Gorilla: the largest great ape.
Kingdom: | Animalia
Class: | Mammalia
Order: | Primates
Family: | Hominidae
Subfamily: | Homininae
Genus: | Gorilla
The genus Gorilla is divided into two species: the eastern gorilla (Gorilla beringer) and the western gorilla (Gorilla gorilla). The eastern gorilla has two subspecies: the mountain gorilla (G.b. beringei) and the eastern lowland gorilla (G.b. graueri). The western gorilla also has two subspecies: the western lowland gorilla (G.g. gorilla) and the cross river gorilla (G.g. diehli).
Size and Weight:
The gorilla is the largest primate. On average, they are 4 to 6 feet tall. Adult males can weigh nearly 500 pounds. Their size varies depending on species and sex. Female adult gorillas tend to be smaller than their male counterparts. Eastern gorillas tend to be larger than the western species, adult male eastern gorillas weigh up to 484 pounds and females weigh up to 215 pounds.
Gorillas are the largest of the great apes. They have stocky physiques with broad chests and shoulders. Their stomachs are typically larger than their chests. Their large stomach size is attributed to their enlarged intestines, which digest the vegetation they consume. They have large, human-like hands, and small eyes set into hairless faces. Gorillas have dark skin and black to brown-grey fur. The eastern gorilla is distinguished from the western gorilla by its darker fur color.
While gorillas are able to stand upright, they prefer to walk using their hands and their legs. Their arms are much longer than their legs, and gorillas can use the backs of their fingers like extra feet when they walk, known as the knuckle walk.
Gorillas mainly eat plant material. Their diet also includes leaves, stems, fruits, seeds, roots, ants, and termites. An adult male gorilla may consume more than 40 pounds of vegetation per day. Their large stomach can hold all the bulky food they eat and their strong jaws help them to chew tough tough stems. Because they consume a large amount of vegetation, which is compromised of almost half water as well as morning dew, gorillas rarely need to drink water.
Gorillas can be found in tropical and subtropical forest habitats. They cover a wide range of elevations, with mountain gorillas found high in the mountains and lowland gorillas found at sea level.
Gorillas can be found in Sub-Saharan Africa. The western lowland gorilla inhabits the tropical forests of West Africa, including Cameroon, Central African Republic, Gabon, Congo, and Equatorial Guinea. The Cross River gorilla inhabits a small area between Nigeria and Cameroon. The eastern lowland gorilla inhabits the tropical forests of the Eastern Democratic Republic of the Congo. The mountain gorilla inhabits the high-altitude tropical forests of Zaire, Rwanda, and Uganda.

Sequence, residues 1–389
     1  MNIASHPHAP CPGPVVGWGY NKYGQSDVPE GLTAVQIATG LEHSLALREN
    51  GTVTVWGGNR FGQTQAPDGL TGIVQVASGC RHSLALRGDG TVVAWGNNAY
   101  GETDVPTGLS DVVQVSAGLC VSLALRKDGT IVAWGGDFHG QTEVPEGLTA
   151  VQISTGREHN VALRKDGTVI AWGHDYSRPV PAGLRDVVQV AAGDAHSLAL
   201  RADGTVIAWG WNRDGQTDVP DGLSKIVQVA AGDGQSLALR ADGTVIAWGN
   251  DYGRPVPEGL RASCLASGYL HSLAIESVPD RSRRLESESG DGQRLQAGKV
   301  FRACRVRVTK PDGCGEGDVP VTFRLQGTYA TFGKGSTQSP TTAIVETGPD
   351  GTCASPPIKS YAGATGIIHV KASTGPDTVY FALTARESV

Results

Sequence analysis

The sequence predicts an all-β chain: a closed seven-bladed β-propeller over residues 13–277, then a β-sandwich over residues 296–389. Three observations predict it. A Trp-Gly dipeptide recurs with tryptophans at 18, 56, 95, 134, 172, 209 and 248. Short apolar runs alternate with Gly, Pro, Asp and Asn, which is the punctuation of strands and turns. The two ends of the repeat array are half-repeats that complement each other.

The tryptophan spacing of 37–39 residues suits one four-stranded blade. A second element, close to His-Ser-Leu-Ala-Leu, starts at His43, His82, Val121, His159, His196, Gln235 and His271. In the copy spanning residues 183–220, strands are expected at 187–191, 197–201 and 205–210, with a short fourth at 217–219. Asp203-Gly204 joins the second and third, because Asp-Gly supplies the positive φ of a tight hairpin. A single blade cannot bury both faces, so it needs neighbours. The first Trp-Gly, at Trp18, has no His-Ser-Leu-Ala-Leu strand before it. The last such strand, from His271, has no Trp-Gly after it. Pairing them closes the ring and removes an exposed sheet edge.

Female gorillas reach sexual maturity at around six to eight years old and may start to breed several years later. When she is ready to breed, she will leave the safety of her own troop and find another troop or a lone silverback to live with. Female gorillas typically give birth to one young at a time. Newborn gorillas, called infants, are smaller than human infants at birth. Gorilla infants only weigh 3 to 4 pounds, which is about half the size of a human infant! But they grow at a much faster rate than humans and reach maturity around 12 years old.
Newborns and their mothers have a very close relationship. They typically stay in physical contact with their moms for 5 to 6 months. They start to crawl at around two months old and learn to cling to their mothers’ backs before learning to walk at around nine months. Newborns quickly become experts at grasping their mothers’ fur and can eat and sleep on piggyback. Gorillas have been known to nurse for up to three years, which is around the same time the mother is ready to have another young. A young gorilla stays close to its mom, sharing her nest, until it is four to six years old.
Gorillas live in groups called troops, which range in size from 5 to 30 gorillas. The troop is compromised of 1 to 4 adult males or “silverbacks”, some juvenile males, several adult females and their young. A strong, experienced male leads the troops, making all the decisions for the troop. He is responsible for the safety and well-being of the members of his troop.
Nearly every day, the silverback will lead his troop to a new location where the food is plentiful. After a morning of eating, each adult gorilla gathers leaves, twigs, and branches to make a day nest for resting while the youngsters play. After their nap, the gorillas eat again until bedtime, when they make yet another nest, either on the ground or in a tree. They never use the same nest twice.
Gorillas tend to live 35 to 40 years in the wild.
Gorillas have no natural enemies or predators. The biggest threat to the species is humans. Gorillas are hunted by humans for their food called bushmeat. Logging and mining companies have destroyed gorilla habitats. Local armed conflicts in the eastern Democratic Republic of Congo has caused refugees to pour into previous gorilla habitat. Diseases like the Ebola virus have recently decimated gorilla populations. The illegal pet trade is also a threat to the species. Behind each infant gorilla caught by poachers, several family members are often killed.
Both the eastern gorilla and the western gorilla are listed as “critically endangered” on the IUCN’s Red List.
Conservation efforts by organizations, such as the World Wildlife Fund (WWF) and the San Diego Zoo Wildlife Alliance, and governments are making a difference for gorillas. New protected areas are being designated for some gorilla populations. There are laws in eight African countries governing gorilla capture and hunting. Conservation groups are working to promote public awareness and education on gorillas in local communities.